Vijay Choudhury, the promoter of Zoom Developers, which owes money to a consortium of 26 public-sector banks led by PNB, bought land valued at Rs 1,000 crore in the US using loan money, according to the Enforcement Directorate, which ordered the land attached. “The accused have knowingly formed various trust and beneficiary companies and projected them as independent entities concealing the relationship between the trust and the foreign companies…”, said the attachment order, quoted in India Today.

With Mallya’s Kingfisher Airlines, SBI alleged that money loaned was diverted several times to various companies of Mallya’s United Breweries (UB) group. Mallya and his company (UB Group) are contesting SBI’s charges, and the case is currently with the Bombay High Court.

Various cases are underway against wilful defaulters in debt recovery tribunals nationwide. There are many more who have escaped legal action.

More Wilful Defaulters Than CIBIL’s Data Show

CIBIL is one of four Credit Information Companies (CICs) that collect and maintain data of wilful defaulters who owe Rs. 25 lakh and more. The three other CICs are Experian Credit Information Company of India, Equifax Credit Information Services and High Mark Credit Information Services.

This CIBIL list contains data on wilful defaulters—who owe Rs 25 lakh and more and against whom suits were filed—provided by 50 of about 90 Indian banks, as on 31 December 2015. The list of defaulters held by three other CICs is here: Equifax, Experian and CRIF.

The full list of wilful defaulters is with the Reserve Bank of India (RBI), which does not disclose names. Last month, the Supreme Court asked the RBI for a list of defaulters who own more than Rs 500 crore to banks.

The RBI list contains the names of those against whom loan-recovery suits have been filed, as well as those free of legal action. As many as 7,265 borrowers (who borrowed more than Rs 25 lakh) owed Rs 64,434 crore to public-sector banks as on September 30, 2015, according to this statement in the Lok Sabha, the lower house of parliament. Of these, first-information reports—the first legal step–have been filed in only 1,624 cases.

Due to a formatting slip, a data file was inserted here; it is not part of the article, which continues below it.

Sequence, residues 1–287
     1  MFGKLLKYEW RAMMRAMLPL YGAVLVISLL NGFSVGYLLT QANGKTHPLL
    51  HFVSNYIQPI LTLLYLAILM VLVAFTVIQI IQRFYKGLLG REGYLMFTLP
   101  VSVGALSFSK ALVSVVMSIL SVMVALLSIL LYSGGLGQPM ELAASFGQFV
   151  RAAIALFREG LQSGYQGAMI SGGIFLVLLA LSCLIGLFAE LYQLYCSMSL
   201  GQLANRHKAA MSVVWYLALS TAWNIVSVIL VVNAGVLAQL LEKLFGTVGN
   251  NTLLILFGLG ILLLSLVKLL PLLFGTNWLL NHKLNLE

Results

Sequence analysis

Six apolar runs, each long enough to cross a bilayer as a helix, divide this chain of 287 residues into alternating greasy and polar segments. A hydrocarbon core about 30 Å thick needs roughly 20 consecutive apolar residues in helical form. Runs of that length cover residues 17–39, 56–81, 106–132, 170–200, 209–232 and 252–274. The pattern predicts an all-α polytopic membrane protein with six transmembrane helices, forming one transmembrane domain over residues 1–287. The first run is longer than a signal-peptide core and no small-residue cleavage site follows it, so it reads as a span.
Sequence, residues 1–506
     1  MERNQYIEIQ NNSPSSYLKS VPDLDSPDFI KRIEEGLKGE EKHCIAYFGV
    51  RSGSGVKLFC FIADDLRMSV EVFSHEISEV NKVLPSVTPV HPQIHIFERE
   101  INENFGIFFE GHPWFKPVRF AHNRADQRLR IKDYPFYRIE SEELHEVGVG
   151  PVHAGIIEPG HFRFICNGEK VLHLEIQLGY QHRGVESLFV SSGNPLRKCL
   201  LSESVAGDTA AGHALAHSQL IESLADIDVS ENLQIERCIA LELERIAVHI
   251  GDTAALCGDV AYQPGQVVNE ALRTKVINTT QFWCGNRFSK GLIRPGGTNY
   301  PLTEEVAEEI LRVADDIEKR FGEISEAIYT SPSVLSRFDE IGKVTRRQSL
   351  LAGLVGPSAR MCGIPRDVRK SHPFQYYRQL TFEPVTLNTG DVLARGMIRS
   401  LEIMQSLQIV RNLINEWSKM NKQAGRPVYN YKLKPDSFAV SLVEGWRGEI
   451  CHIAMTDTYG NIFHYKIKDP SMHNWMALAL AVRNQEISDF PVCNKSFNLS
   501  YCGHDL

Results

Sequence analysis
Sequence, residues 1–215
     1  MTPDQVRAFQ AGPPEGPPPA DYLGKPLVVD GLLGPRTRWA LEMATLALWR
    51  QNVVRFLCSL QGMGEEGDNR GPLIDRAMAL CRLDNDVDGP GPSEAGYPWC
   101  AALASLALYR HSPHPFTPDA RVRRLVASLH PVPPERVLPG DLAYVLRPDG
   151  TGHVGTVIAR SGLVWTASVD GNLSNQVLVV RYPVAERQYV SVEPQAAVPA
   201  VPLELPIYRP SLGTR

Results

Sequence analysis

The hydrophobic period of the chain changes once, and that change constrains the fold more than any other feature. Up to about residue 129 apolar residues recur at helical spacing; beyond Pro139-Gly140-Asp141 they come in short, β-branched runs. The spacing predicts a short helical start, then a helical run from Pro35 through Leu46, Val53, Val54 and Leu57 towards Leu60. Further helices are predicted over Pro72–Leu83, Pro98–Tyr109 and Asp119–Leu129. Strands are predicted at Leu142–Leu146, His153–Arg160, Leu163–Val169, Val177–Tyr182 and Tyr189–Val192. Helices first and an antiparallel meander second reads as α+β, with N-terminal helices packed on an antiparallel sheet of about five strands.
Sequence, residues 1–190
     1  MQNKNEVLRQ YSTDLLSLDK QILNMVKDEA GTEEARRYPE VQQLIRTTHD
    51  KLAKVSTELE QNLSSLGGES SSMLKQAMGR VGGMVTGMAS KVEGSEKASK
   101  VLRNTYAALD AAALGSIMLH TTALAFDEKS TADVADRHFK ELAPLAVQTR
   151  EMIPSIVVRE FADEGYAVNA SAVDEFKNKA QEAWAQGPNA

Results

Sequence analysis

Other than wilful defaulters, there are 7,436 others who owe banks Rs 115,301 crore ($ 171 billion), according to the CIBIL list. There are more defaulters, as we said earlier, than the CIBIL list shows.

If the unpaid loans made by India’s public-sector banks were recovered, they would be enough to pay for India’s 2015 spending on defence, education, highways, and health, as IndiaSpend reported last month. These bad loans, or gross non-performing assets (NPAs) as they are called in banking parlance, of public-sector banks have crossed Rs 4.04 lakh crore ($59 billion), a rise of 450% since March 2011.

Mallya’s Kingfisher is now the public face of a long-festering problem, but even that has been evident to those in banking circles.

After Kingfisher, the Cleanup Begins

In 2010, Kingfisher Airlines got Rs 6,900 crore from 17 lenders, mostly public-sector banks. The biggest lender is SBI with Rs 1,600 crore.

Other banks that lent money to Kingfisher include Punjab National Bank and IDBI Bank (Rs 800 crore each), Bank of India (Rs 650 crore), Bank of Baroda (Rs 550 crore), Central Bank of India (Rs 410 crore).

With the spike in loan write-offs and NPAs and a fall in profits spooking the banking sector, RBI governor Raghuram Rajan has made it clear that banks “may require deep surgery” to clean up their balance sheets and put stressed projects back on track.

One suggestion to tighten things comes from lawyer Dutta, who said the Securitisation and Reconstruction of Financial Assets and Enforcement of Security Interest Act, 2002, needed amendment. “Currently we can’t initiate criminal proceedings against the defaulters as the act is civil in nature,” he said.

Who is a wilful defaulter?
The Reserve Bank of India defines a “wilful default” under these circumstances:(a) The unit has defaulted in meeting its payment / repayment obligations to the lender even when it has the capacity to honour the said obligations.(b) The unit has defaulted in meeting its payment / repayment obligations to the lender and has not utilised the finance from the lender for the specific purposes for which finance was availed of but has diverted the funds for other purposes.(c) The unit has defaulted in meeting its payment / repayment obligations to the lender and has siphoned off the funds so that the funds have not been utilised for the specific purpose for which finance was availed of, nor are the funds available with the unit in the form of other assets.(d) The unit has defaulted in meeting its payment / repayment obligations to the lender and has also disposed off or removed the movable fixed assets or immovable property given by him or it for the purpose of securing a term loan without the knowledge of the bank/lender.

(Himadri Ghosh, the author, is with, a pan-India network of grassroot journalists. He writes on political and social impact stories.)